The Death of Jewish Culture

Not so long ago, Jewish culture seemed to flourish in America; but now all signs point in the opposite direction. What happened?
Lili Liana as Lea in the 1937 film version of S. An-sky's Yiddish play The Dybbuk.
Lili Liana as Lea in the 1937 film version of S. An-sky's Yiddish play The Dybbuk.
Essay
May 4 2014
About the author

James Loeffler, associate professor of history at the University of Virginia and scholar-in-residence at Pro Musica Hebraica, is currently the Robert A. Savitt fellow at the Mandel Center for Advanced Holocaust Studies of the United States Holocaust Memorial Museum. His “The Death of Jewish Culture” was the featured monthly essay in Mosaic for May 2014.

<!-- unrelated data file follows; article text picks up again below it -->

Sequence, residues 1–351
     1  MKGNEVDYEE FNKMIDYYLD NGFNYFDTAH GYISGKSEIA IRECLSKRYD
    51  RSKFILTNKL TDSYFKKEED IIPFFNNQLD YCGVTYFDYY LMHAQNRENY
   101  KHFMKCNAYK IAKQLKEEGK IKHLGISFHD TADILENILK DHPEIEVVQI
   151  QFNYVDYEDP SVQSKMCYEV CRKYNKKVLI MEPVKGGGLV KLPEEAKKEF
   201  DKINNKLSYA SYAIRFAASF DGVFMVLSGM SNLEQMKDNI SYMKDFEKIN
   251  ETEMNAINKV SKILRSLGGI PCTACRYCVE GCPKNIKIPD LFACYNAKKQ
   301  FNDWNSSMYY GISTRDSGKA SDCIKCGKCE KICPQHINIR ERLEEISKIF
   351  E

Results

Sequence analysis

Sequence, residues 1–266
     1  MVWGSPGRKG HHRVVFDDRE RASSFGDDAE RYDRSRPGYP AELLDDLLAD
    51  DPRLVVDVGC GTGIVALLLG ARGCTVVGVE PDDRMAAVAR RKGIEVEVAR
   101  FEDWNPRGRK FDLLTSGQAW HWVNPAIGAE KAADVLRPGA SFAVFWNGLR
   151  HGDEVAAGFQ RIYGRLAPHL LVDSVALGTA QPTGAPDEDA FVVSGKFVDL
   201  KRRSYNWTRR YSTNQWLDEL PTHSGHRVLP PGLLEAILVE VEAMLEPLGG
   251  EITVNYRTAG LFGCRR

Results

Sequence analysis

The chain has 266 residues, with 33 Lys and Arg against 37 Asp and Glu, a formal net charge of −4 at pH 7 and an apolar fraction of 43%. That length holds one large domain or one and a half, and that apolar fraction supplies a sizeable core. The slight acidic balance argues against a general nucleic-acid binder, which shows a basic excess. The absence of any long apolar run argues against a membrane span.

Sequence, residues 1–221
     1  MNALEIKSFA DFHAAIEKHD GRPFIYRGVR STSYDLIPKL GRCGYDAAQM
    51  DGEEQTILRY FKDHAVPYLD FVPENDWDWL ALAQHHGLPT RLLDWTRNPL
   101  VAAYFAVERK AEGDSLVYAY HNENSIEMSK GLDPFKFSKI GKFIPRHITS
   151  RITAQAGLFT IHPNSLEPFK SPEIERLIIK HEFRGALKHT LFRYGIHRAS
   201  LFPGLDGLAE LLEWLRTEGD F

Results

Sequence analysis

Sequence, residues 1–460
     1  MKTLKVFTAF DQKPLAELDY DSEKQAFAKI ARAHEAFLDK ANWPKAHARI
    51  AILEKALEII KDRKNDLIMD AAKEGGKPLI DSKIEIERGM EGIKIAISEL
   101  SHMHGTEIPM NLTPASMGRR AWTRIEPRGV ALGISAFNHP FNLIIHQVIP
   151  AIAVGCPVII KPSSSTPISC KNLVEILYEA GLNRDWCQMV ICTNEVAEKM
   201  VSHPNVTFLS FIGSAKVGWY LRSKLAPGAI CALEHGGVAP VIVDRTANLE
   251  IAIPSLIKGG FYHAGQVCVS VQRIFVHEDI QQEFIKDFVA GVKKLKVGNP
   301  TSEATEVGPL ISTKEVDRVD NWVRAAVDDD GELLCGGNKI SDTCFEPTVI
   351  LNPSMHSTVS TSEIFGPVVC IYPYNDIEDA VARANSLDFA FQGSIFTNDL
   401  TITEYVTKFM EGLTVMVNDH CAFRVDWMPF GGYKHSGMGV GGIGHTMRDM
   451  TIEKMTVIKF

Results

Fifteen years ago this spring, I walked through the doors of a gleaming new postmodern sanctuary on New York’s Upper West Side. Known as Makor, this nightclub-cum-gallery billed itself as a secular Jewish arts-and-culture mecca for New York’s young hipsters. Its leaders promised to rebrand Judaism for the age of world music and poetry slams. If its name doesn’t ring a bell, that’s because Makor quietly shut down in 2006. Despite an infusion of cash and a friendly takeover by the 92nd Street Y, its graying great aunt, the cultural center could not survive.

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More about: America, I.L. Peretz, James Loeffler, Jewish Culture, Jewish literature, S. An-sky, Zionism